Circling back to the BSOD, the interesting thing to me is that the exact same blue screen error comes up while booting my Windwos partition as while attempting to boot from CD to reinstall. Is that significant? I know the terminology sort of clumps them all into the same category, but surely there is a correlation, no? I thought perhaps I was going crazy, and Windows had set some bit switch on the HDD that says "Help, I'm supposed to be in a laptop!" but this does not explain the CD.

I have tried to boot into safe mode, have tried Automatic System Recovery (which im given to understand is the same as Startup Repair), but no cigar. ASR behaves as startup repair did and safe mode = bsod. I have attached a picture of the error screen for reference. I have a copy of Ultimate Boot CD for Windows on my USB drive, but there is a plethora of utils and I dont know how to use most of them. If there is a specific tool that could remedy the issue or shed some light on the situation, I can certainly collect info and report back.


Thanks in advance, all you guys!


Extraordinary Member
As things stand, the only advice I can give you is regards your Stop Error code. But at least it will bump your post back up the list!!

Usual causes:
Hard drive, File system, Boot sequence errors, Device driver, Virus infection (in particular check the MBR).

Okay, so I went poking around the disc I've been using and several of the files are apparently corrupt, something like "checksum in file header doesn't match computed value". I don't have any other windows discs besides my XP one, so I'm sure this is the one Id used before. What is the failure rate on the compact disc anyhow?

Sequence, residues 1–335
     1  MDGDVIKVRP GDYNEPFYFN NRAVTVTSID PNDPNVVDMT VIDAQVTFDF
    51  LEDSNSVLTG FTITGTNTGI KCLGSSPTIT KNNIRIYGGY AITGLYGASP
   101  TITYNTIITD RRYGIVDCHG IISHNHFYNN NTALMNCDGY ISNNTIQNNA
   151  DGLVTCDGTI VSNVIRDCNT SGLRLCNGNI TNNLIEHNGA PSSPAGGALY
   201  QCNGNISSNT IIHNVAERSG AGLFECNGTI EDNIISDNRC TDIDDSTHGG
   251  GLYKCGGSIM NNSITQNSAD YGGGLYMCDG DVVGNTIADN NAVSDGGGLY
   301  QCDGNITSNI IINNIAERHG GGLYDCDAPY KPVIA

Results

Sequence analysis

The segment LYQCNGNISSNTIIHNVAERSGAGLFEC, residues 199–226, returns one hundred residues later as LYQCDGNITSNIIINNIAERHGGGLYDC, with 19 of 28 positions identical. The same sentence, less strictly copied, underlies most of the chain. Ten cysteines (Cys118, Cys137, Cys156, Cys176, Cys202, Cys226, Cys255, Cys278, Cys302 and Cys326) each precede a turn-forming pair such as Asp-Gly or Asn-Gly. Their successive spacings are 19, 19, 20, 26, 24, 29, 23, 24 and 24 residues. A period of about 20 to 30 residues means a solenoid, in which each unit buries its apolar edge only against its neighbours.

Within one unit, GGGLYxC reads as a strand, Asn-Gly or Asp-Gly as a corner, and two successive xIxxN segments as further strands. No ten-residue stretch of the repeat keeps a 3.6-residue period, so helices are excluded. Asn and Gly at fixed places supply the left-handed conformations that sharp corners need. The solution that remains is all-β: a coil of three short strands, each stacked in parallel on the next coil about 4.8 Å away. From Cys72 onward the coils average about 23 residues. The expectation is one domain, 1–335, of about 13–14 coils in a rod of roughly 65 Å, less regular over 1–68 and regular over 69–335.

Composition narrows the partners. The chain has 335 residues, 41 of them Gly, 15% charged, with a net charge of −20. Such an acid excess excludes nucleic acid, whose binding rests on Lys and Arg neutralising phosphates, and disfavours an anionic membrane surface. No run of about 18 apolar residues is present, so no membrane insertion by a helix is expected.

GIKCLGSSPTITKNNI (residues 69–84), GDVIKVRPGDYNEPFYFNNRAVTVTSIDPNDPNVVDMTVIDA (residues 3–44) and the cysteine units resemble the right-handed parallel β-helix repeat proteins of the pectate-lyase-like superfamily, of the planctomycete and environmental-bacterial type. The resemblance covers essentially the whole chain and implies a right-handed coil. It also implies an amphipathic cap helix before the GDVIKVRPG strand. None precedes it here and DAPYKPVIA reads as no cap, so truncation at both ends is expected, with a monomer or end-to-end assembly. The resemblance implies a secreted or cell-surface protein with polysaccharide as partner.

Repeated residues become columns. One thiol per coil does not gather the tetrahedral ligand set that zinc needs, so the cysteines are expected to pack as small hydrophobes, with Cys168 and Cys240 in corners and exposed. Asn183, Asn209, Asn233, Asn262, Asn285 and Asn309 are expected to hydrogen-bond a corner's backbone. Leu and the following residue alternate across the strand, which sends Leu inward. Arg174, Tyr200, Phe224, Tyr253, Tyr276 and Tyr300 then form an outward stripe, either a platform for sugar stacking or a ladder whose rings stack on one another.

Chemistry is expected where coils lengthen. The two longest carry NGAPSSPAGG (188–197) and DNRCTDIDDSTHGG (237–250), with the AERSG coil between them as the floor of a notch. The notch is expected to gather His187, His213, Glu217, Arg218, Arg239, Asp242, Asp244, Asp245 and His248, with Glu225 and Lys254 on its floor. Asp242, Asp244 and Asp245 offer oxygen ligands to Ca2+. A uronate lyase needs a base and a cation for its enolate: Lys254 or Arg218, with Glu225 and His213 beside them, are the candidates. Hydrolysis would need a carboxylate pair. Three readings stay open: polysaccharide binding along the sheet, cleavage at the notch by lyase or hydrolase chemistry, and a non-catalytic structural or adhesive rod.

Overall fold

Thank you for your suggestions, I have definitely given in though - I do not want to spend days trying to figure out what went wrong, most likely to find out that it was something pretty bad. I ran an avast virus scan of the Windows partition from my linux partition, which did not turn up anything. I've decided to just count myself lucky that all my important files are still intact. I'm d/ling another iso from MSDNAA, same version, Win7pro64 sp1, and hopefully this will go a little better. In fear of any evil voodoo / negative chakras leaking into the new install from any files left over, I would like the peace of mind of reformatting the whole thing. However, I have about 60G of data I would verrrrrry much like saved (not dumb stuff that can just be downloaded or re-installed), so I'm trying to figure out a way, without having a backup meduim, to keep this data while still performing a clean install on a newly formatted partition. My setup is 2 partitions, one at approx 20G (linux) and the other at approx 200G (windows). I could use gparted to modify these partitions from a boot disc, so my thinking is that I could shrink the 200G partition to absolute minimum, and between that and the 20G on the linux partition I could have enough room to store all of it. The problem with that is Id have to use linux to access and move the files in the first place. Another scenario I was thinking of was to just install Windows at a small partition at the end of the drive, delete the bulk of the junk (sys files, program files, etc) from the old Windows partition, resize the volumes in favor of the new windows install, and then copy over the data to the new partition. The problem here is that Windows is at the end of the drive - this is not necessarily bad, as I suppose I could beat on the hard drive some more by then reformatting the volume where I deleted the junk and moved the important files off of, moving the important files back, and then resizing it to whatever I deem fitting for this new partition which would be just for personal data/files (replacing the libraries, etc). I would then install the new release of my linux distro on the 20G partition, which would be accompanied by GRUB, and I should then be able to boot from either the 1st (linux) partition or the 3rd (windows) partition, and then, on either OS, have the 2nd (middle/data) partition holding all of my personal files in a sort of middle ground.